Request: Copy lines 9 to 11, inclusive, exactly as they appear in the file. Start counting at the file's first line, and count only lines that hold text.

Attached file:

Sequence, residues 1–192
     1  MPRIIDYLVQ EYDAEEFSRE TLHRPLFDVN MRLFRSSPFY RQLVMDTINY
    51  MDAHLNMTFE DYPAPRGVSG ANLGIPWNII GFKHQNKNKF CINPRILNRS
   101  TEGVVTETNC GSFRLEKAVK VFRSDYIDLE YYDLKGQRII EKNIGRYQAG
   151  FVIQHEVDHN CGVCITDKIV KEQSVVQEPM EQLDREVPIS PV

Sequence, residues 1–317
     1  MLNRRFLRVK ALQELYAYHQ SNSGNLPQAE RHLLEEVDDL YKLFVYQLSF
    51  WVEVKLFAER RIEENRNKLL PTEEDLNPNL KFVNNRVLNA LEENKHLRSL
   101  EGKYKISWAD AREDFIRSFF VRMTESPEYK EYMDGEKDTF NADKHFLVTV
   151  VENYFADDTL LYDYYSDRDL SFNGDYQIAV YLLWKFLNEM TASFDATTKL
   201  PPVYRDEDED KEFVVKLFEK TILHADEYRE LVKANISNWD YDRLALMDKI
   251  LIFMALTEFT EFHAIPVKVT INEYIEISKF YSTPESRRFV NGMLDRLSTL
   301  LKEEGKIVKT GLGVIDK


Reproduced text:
   101  EGKYKISWAD AREDFIRSFF VRMTESPEYK EYMDGEKDTF NADKHFLVTV
   151  VENYFADDTL LYDYYSDRDL SFNGDYQIAV YLLWKFLNEM TASFDATTKL
   201  PPVYRDEDED KEFVVKLFEK TILHADEYRE LVKANISNWD YDRLALMDKI